Laparoscopic Pancreatic Surgery

Background: Laparoscopic pancreatic surgery for pancreatic disorders includes enucleation, distal pancreatectomy, pancreatoduodenectomy, and cystgastrostomy. However, these procedures are still uncommon, with limited indications. If postoperative complications such as a pancreatic leakage occur, they can be potentially serious.

Methods: During recent ten years, we experienced six consecutive laparoscopic pancreatic surgeries. Preoperative diagnoses are islet cell tumors in 3 patients, mucinous cystic disease, cystic tumor and pseudopancreatic cyst in each one. The mean age was 46 years (range: 27-73), they were 3 men and 3 women, and the pancreatic tumor located in body in 3 patients and tail in 3. Under general anesthesia, the patient had a supine or right semilateral position with 4 or 5 ports. In cystgastrostomy, anastomosis was created by an intragastric procedure using Endo-GIA stapler.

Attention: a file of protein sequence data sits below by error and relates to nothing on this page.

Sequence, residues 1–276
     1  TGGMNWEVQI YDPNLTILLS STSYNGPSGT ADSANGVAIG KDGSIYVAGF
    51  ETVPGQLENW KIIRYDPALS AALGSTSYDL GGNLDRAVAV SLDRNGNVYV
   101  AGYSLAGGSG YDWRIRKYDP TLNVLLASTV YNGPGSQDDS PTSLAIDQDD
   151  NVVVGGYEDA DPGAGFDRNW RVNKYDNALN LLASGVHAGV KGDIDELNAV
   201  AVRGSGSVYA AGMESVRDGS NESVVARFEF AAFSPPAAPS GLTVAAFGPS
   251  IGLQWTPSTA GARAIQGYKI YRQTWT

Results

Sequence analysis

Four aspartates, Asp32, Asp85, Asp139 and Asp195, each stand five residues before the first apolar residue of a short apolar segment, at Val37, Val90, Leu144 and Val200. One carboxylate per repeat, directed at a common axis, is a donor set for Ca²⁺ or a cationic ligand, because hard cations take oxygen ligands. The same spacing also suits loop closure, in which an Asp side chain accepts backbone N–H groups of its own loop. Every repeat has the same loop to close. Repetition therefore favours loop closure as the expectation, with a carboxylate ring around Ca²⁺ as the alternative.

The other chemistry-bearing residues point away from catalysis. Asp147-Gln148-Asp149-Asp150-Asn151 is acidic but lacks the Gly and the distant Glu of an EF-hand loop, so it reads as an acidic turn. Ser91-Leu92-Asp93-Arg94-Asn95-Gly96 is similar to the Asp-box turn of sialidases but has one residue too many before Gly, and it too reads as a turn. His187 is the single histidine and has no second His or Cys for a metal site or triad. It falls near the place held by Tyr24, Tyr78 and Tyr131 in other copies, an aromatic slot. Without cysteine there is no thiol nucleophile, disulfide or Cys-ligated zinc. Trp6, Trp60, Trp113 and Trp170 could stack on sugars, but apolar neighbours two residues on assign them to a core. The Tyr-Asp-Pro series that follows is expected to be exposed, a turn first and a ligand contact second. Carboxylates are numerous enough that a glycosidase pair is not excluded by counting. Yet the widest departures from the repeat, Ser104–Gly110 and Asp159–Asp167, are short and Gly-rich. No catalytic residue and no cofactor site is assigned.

Results: Laparoscopic surgeries were successfully completed in all patients. Laparoscopic procedures consisted of distal pancreatectomy in 4 patients with the preservation of the spleen in 3, tumor enucleation and cystgastrostomy in each one. For the distal pancreatectomies, the splenic artery and vein were preserved in one patient, and divided in the other. The mean size of tumor was 4 cm (range: 1-10), the mean operation time was 214 min (range: 150-330), and the mean blood loss was 144 ml (range: 30-450). There was a splenic infarction without any treatments and an intraabdominal hematoma required percutaneous drainage in each one patient.

Conclusions: Laparoscopic pancreatic surgeries are feasible and safe when conducted by experienced laparoscopic surgeons in selected patients. However, further improvement of laparoscopic skills and innovation of laparoscopic instruments will be required to obtain successful outcomes of laparoscopic pancreatic surgery for a wider range of patients.

Session: Poster

Program Number: P395

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